SANTA BARBARA COUNTY, Calif. - On Thursday, the National Weather Service issued an Excessive Heat Watch for Santa Barbara County and surrounding areas.
The Excessive Heat Watch begins at 10 a.m. Friday, July 6 and lasts through Saturday, July 7, 2018, at 9 p.m.
The Santa Barbara County Public Health Department urges the community to stay safe and take the necessary precautions to avoid heat-related illnesses, including heat exhaustion and heat stroke. Here are some tips from health officials to help you achieve that:
- Take care of those who might not be aware of the danger or be able to react accordingly –especially the elderly, young children, and pets.
- Wear appropriate clothing. Lightweight, light-colored, loose-fitting clothing works best.
- Drink plenty of cool, non-alcoholic beverages, especially those without sugar or caffeine. Don’t wait until you’re thirsty to drink. If you have fluid restrictions from your doctor, ask to see how much you should drink while the weather is hot.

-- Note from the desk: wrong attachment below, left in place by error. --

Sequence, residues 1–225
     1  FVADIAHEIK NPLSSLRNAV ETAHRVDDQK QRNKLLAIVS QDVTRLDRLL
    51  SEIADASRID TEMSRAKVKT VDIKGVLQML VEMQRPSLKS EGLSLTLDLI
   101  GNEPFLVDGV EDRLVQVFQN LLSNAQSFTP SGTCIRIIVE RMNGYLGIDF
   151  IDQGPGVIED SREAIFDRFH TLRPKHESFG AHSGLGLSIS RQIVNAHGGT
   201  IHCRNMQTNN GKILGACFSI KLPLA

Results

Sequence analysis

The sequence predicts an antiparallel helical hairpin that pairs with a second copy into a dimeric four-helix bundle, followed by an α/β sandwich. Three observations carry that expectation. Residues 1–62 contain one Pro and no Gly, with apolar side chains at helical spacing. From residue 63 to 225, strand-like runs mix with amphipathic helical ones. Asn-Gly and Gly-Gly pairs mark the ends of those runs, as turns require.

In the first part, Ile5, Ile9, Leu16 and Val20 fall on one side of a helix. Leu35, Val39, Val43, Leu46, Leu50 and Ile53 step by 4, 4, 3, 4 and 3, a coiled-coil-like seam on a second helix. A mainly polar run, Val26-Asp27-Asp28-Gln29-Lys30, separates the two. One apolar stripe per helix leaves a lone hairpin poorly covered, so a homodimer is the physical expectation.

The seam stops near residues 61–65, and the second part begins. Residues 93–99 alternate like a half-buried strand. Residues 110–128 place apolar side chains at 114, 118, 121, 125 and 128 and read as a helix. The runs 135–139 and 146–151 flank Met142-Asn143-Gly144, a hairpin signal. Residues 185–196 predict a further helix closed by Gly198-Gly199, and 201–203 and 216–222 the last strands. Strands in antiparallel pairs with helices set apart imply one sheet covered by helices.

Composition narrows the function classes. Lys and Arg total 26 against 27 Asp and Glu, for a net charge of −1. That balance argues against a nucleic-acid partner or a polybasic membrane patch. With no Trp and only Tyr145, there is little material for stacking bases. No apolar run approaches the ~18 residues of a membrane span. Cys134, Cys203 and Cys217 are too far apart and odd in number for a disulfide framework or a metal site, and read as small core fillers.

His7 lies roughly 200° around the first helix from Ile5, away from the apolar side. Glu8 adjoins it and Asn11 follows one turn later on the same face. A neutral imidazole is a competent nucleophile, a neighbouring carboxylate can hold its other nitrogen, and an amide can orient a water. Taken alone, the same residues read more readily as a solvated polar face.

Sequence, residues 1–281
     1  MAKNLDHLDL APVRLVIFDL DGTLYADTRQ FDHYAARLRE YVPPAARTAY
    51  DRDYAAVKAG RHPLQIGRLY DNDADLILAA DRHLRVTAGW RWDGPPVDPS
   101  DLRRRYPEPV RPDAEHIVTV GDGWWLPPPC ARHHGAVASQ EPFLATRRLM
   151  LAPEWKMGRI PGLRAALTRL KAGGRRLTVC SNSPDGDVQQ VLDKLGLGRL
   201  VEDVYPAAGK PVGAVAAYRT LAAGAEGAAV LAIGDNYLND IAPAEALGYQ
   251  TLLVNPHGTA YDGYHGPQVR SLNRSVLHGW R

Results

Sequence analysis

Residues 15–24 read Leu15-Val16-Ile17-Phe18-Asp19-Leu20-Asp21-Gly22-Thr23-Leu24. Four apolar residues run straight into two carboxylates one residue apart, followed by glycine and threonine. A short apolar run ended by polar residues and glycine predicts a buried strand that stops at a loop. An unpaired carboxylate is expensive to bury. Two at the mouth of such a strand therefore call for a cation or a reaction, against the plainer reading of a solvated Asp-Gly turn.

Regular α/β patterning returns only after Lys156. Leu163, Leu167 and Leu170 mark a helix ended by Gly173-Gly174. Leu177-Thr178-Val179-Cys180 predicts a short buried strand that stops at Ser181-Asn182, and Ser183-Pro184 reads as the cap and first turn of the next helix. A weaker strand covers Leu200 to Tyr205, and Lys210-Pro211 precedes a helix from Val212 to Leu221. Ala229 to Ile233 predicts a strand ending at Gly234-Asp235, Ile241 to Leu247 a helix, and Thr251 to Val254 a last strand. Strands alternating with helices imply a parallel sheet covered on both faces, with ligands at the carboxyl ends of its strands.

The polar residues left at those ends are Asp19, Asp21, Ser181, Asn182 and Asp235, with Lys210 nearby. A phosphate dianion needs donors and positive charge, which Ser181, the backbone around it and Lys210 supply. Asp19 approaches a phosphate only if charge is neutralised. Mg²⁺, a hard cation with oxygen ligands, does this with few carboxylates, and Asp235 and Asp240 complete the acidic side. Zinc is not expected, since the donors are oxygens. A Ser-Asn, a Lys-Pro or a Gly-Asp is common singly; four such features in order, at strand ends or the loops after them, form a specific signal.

- Limit outdoor activity. Try to schedule outdoor activities during the cooler parts of the day, like morning and evening hours. Be sure to wear sunscreen and rest often.
- Take regular breaks in the shade or in an air-conditioned room. If your home doesn’t have air conditioning, go to a public space that is air conditioned – even a few hours in air conditioning can help your body stay cooler. You can also take a cool shower or bath.
- Know the signs of heat exhaustion. If someone becomes dizzy, nauseated, or sweats heavily, find a cooler location for him or her immediately.
- Know the signs of heat stroke. Heat stroke is much more serious than heat exhaustion. The symptoms are similar to heat exhaustion, but also include hot, flushed skin. With heat stroke, the person often stops sweating and the skin will be unusually dry. If heat stroke is a possibility, call 911 immediately. Heat stroke is life threatening!
- Be aware of the dangers of leaving children (and pets) unattended in vehicles. It only takes a matter of minutes on a relatively mild day for a vehicle to reach deadly temperatures, a fact that is exacerbated the hotter it is.